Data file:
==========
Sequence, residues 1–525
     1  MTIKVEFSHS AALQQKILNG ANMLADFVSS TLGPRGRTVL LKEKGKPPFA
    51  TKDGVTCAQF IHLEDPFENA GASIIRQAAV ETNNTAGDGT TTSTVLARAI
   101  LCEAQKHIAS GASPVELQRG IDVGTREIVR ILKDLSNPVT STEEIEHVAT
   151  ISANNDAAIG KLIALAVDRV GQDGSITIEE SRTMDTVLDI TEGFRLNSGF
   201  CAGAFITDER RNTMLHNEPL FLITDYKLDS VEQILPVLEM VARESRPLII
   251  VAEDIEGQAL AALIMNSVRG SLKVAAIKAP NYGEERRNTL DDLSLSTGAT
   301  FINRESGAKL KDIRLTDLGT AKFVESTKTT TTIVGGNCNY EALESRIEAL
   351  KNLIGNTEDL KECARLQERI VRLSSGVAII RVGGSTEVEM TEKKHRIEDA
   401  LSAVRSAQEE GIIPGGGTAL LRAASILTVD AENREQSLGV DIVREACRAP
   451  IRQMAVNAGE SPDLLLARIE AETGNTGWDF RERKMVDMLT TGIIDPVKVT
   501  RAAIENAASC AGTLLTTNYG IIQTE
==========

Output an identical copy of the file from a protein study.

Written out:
Sequence, residues 1–525
     1  MTIKVEFSHS AALQQKILNG ANMLADFVSS TLGPRGRTVL LKEKGKPPFA
    51  TKDGVTCAQF IHLEDPFENA GASIIRQAAV ETNNTAGDGT TTSTVLARAI
   101  LCEAQKHIAS GASPVELQRG IDVGTREIVR ILKDLSNPVT STEEIEHVAT
   151  ISANNDAAIG KLIALAVDRV GQDGSITIEE SRTMDTVLDI TEGFRLNSGF
   201  CAGAFITDER RNTMLHNEPL FLITDYKLDS VEQILPVLEM VARESRPLII
   251  VAEDIEGQAL AALIMNSVRG SLKVAAIKAP NYGEERRNTL DDLSLSTGAT
   301  FINRESGAKL KDIRLTDLGT AKFVESTKTT TTIVGGNCNY EALESRIEAL
   351  KNLIGNTEDL KECARLQERI VRLSSGVAII RVGGSTEVEM TEKKHRIEDA
   401  LSAVRSAQEE GIIPGGGTAL LRAASILTVD AENREQSLGV DIVREACRAP
   451  IRQMAVNAGE SPDLLLARIE AETGNTGWDF RERKMVDMLT TGIIDPVKVT
   501  RAAIENAASC AGTLLTTNYG IIQTE